The U.S. economy continued to pick up speed in the spring, as consumers, many of them newly vaccinated and flush with federal stimulus cash, returned to restaurants, hotels and retail stores, the Federal Reserve said Wednesday.
But businesses told the Fed that ongoing supply-chain disruptions and an acute labor shortage have made it difficult for them to meet demand and have caused them to raise prices.
The Fed report, a collection of business anecdotes from around the county known as the Beige Book, said the economy grew at a moderate pace between early April and late May, “a somewhat faster rate than the prior reporting period.”
Manufacturers and home builders reported that materials and workers were in short supply. Companies also struggled with delivery delays, the report said. Car dealerships said sales were strong but inventories tight, partly due to the global chip shortage. Transportation companies said they saw exceptionally strong demand.
Prices rose more rapidly than earlier in the year, the Fed said, as businesses passed on rising material and freight prices to consumers.
“Contacts anticipate facing cost increases and charging higher prices in coming months,” the report said.
Some companies said labor and inventory shortages were holding back business. In the Philadelphia area, “manufacturers have stated that their production would be higher but for labor shortages and supply-chain disruptions,” the report said.
A chain of convenience stores in the Cleveland Fed region had to cut back hours of operation for lack of workers.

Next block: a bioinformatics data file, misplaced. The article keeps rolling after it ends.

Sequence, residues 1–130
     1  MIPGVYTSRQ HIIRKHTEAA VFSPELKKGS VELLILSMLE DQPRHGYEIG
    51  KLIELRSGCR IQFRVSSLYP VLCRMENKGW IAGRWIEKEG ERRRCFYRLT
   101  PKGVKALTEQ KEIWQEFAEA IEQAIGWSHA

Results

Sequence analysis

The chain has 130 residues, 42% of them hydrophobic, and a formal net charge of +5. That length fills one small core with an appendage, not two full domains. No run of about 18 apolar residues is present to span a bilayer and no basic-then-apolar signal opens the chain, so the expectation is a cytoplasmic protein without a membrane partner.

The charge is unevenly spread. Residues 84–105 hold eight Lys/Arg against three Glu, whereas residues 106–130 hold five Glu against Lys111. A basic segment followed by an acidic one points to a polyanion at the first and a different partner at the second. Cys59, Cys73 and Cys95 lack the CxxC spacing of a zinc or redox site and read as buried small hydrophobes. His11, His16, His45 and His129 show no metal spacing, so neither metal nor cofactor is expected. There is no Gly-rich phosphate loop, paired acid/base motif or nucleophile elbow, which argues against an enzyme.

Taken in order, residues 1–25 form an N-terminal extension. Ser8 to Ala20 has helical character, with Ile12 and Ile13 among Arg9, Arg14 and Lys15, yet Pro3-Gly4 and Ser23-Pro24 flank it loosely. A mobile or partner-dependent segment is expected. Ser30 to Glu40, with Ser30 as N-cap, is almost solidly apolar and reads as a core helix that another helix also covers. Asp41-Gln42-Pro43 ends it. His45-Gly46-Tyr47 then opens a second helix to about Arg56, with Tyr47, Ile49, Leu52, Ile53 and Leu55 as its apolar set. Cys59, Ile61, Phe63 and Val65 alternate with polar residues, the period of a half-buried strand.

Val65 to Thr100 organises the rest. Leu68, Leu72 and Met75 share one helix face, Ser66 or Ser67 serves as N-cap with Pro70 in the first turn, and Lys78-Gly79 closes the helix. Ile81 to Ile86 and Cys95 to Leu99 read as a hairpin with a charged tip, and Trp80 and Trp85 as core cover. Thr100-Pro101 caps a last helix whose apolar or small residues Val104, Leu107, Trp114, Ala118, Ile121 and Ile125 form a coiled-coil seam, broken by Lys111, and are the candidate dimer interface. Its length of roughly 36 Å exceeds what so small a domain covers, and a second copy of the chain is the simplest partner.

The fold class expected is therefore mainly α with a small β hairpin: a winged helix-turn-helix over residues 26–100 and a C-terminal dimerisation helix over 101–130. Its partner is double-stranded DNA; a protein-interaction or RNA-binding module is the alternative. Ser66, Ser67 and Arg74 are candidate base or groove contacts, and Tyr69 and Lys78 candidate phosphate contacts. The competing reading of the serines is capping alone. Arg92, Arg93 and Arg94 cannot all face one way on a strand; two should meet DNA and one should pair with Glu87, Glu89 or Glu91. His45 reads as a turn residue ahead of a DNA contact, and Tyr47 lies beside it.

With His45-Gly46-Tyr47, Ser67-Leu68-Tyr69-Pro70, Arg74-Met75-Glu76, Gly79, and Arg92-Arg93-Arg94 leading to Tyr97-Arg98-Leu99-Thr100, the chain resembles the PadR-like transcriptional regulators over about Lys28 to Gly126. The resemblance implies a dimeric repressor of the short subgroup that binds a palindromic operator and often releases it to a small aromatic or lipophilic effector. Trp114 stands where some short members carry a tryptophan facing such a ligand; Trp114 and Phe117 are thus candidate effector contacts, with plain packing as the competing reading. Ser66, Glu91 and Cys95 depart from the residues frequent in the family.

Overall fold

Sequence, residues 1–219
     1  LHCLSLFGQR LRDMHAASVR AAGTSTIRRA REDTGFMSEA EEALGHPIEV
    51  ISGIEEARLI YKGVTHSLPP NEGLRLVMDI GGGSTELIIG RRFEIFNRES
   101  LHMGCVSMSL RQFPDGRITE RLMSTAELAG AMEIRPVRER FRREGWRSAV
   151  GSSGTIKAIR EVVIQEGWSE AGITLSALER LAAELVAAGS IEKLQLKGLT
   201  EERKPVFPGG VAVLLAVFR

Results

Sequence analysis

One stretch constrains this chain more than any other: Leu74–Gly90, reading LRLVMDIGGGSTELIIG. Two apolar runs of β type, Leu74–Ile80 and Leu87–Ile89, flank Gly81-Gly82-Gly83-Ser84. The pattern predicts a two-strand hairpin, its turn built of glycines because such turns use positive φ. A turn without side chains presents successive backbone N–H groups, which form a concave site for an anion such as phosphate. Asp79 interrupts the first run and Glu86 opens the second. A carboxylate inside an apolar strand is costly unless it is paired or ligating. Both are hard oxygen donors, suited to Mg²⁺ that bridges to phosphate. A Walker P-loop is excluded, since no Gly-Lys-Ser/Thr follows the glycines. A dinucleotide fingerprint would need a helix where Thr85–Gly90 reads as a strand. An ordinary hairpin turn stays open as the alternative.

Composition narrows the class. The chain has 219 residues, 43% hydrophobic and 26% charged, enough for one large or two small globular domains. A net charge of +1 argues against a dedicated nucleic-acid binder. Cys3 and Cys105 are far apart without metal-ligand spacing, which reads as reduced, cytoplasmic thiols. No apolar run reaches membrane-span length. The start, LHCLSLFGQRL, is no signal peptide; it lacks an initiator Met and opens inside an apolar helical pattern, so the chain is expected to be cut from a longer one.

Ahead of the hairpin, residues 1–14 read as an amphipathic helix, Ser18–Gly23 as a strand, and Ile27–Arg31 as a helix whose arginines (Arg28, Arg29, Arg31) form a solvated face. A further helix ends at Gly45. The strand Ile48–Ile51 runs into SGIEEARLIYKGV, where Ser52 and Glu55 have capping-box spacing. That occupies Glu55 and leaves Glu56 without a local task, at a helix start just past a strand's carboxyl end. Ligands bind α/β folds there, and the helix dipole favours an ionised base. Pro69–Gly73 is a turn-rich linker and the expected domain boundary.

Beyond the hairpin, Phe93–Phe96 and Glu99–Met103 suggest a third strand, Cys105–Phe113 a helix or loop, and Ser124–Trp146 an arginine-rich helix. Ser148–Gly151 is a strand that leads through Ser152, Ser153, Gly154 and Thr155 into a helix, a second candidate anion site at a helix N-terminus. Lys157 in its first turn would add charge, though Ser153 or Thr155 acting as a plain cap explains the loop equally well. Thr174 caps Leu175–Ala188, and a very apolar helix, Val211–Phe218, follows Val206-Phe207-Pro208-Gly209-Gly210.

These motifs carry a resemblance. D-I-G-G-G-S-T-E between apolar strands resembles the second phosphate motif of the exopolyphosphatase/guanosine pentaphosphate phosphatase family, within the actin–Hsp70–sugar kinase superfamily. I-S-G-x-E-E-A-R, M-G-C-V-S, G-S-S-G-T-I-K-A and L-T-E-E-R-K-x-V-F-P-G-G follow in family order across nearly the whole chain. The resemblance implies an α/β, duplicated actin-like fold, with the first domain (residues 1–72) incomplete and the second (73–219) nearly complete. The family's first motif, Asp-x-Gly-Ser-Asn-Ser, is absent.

Companies said lack of child care, lingering concerns about getting sick and expanded federal jobless benefits were keeping some job applicants at home.
In response, businesses across the country and across industries said they planned to raise wages or offer bonuses.
One manufacturer in the Boston region was looking to hire 10,000 people. A manufacturer in the Minneapolis region raised wages by $3 an hour and saw the number of applicants jump significantly.
A staffing company in the Cleveland Fed district reported turning away clients who offered less than a $13-an-hour starting wage because it wouldn’t be able to find anyone at that wage.
Overall, the report suggested Americans are eager to leave their homes and spend money, particularly on trips, meals and houses. Restaurants and hotels said demand from domestic leisure travelers was getting stronger. Realtors said they had seen bidding wars for homes. Construction companies said they were struggling to meet demand.
In the Dallas area, some builders had stopped building completed houses and were instead selling empty lots or partly built houses to the highest bidder. Some even worried about running out of land.
Rents were also starting to pick up, following declines during the height of the pandemic.
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